A domain is identified by a domain name, and consists of that part of the domain name space that is at or below the domain name which specifies the domain. A domain is a subdomain of another domain if it is contained within that domain. This relationship can be tested by seeing if the subdomain's name has the containing domain's name as the right part of its name. For example, A.B.C.D is a subdomain of B.C.D, C.D, D, and " ".

This tree structure is intended to parallel the administrative organization and delegation of authority. Potentially, each node or leaf on the tree can create new subdomains ad infinitum. In practice, this delegation can be limited by the administrator of the name servers that manage the domain space and resource data.

The following figure shows an example of a domain name space.

                |                  |                  |         
              COLORS            FLAVORS             TRUTH       
                |                  |                            
          +-----+-----+            |                            
          |     |     |         NATURAL                         
         RED  BLUE  GREEN          |                            
                   |               |               |            
               CHOCOLATE        VANILLA        STRAWBERRY       

In this example, the root domain has three immediate subdomains: COLORS, FLAVORS, and TRUTH. The FLAVORS domain has one immediate subdomain named NATURAL.FLAVORS. All of the leaves are also

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Domain Names - Concepts and Facilities

domains. This domain tree has the names " "(the root), COLORS, RED.COLORS, BLUE.COLORS, GREEN.COLORS, FLAVORS, NATURAL.FLAVORS, CHOCOLATE.NATURAL.FLAVORS, VANILLA.NATURAL.FLAVORS, STRAWBERRY.NATURAL.FLAVORS, and TRUTH. If we wished to add a new domain of ARTIFICIAL under FLAVORS, FLAVORS would typically be the administrative entity that would decide; if we wished to create CHIP and MOCHA names under CHOCOLATE, CHOCOLATE.NATURAL.FLAVORS would typically be the appropriate administrative entity.

   Resource set information

A domain name identifies a set of resource information. The set of resource information associated with a particular name is composed of separate resource records (RRs).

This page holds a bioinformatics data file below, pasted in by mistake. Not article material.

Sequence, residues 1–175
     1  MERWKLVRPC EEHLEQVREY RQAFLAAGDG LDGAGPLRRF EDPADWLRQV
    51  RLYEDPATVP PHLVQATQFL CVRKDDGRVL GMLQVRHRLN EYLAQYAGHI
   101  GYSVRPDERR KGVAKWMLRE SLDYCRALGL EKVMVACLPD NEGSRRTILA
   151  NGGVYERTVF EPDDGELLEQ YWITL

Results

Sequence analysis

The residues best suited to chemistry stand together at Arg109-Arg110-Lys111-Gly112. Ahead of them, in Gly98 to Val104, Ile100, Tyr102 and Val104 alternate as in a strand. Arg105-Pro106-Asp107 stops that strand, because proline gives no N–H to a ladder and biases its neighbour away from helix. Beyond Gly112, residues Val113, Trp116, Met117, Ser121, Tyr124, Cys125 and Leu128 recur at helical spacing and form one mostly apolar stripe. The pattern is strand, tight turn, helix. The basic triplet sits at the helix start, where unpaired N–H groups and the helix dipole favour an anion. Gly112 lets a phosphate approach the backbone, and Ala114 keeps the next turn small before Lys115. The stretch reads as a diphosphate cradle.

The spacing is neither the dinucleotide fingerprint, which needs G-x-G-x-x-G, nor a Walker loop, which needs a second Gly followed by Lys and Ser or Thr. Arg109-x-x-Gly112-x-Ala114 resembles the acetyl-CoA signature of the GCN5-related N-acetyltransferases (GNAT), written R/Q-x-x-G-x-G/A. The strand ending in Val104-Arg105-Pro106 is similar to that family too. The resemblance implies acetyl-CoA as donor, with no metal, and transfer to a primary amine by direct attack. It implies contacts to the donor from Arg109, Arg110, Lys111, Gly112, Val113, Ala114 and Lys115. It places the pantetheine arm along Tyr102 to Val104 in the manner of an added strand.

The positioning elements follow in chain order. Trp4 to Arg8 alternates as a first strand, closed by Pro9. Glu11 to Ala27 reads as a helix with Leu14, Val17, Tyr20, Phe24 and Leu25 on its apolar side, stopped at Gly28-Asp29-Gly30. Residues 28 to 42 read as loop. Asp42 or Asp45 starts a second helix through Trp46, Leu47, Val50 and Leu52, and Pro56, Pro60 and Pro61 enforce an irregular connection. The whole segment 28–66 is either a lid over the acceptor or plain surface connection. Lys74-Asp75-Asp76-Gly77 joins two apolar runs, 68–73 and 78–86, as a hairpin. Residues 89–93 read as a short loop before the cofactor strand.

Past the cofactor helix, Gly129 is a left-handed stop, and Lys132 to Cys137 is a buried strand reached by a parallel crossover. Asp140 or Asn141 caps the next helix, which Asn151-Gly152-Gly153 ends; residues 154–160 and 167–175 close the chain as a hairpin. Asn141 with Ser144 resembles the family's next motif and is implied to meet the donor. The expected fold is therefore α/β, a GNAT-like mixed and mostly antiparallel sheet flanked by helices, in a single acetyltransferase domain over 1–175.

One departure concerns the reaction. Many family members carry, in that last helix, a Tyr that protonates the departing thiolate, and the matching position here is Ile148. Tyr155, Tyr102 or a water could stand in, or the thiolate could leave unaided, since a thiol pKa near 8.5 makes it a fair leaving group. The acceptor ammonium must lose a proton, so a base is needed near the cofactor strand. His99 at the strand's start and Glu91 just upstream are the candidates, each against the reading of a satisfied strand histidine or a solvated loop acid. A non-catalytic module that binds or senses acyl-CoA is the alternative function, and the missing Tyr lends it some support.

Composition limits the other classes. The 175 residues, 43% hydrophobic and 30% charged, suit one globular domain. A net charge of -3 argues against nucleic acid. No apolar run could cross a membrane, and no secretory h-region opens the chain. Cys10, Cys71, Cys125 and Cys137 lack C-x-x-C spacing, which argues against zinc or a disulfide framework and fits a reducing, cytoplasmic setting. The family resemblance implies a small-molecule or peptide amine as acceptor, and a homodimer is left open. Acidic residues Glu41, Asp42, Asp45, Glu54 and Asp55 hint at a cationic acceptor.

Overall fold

Each resource record has the following major components:

The domain name which identifies resource set that holds this record, and hence the "owner" of the information. For example, a RR that specifies a host address has a domain name the specifies the host having that address. Thus F.ISI.ARPA might be the owner of a RR which specified an address field of Since name servers typically store their resource information in tree structures paralleling the organization of the domain space, this information can usually be stored implicitly in the database; however it is always included in each resource record carried in a message.

Other information used to manage the RR, such as length fields, timeouts, etc. This information is omitted in much of this memo, but is discussed in [14].

A resource type field that specifies the type of the resource in this resource record. Types refer to abstract resources such as host addresses or mail delivery agents. The type field is two octets long and uses an encoding that is standard throughout the domain name system.

A class field identifies the format of the resource data, such as the ARPA Internet format (IN) or the Computer Science Network format (CSNET), for certain RR types (such as address data). Note that while the class may separate different protocol families, networks, etc. it does not do so in all cases. For example, the IN class uses 32 bit IP addresses exclusively, but the CSNET class uses 32 bit IP addresses, X.25 addresses, and phone numbers. Thus the class field should be used as a guide for interpreting the resource data. The class field is two octets long and uses an encoding that is standard throughout the domain name system.

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Domain Names - Concepts and Facilities

Resource data that describes the resource. The format of this data can be determined given the type and class fields, but always starts with a two octet length field that allows a name server or resolver to determine the boundaries of the resource data in any transaction, even if it cannot "understand" the resource data itself. Thus name servers and resolvers can hold and pass on records which they cannot interpret. The format of the internal data is restricted only by the maximum length of 65535 octets; for example the host address record might specify a fixed 32 bit number for one class, and a variable length list of addresses in another class.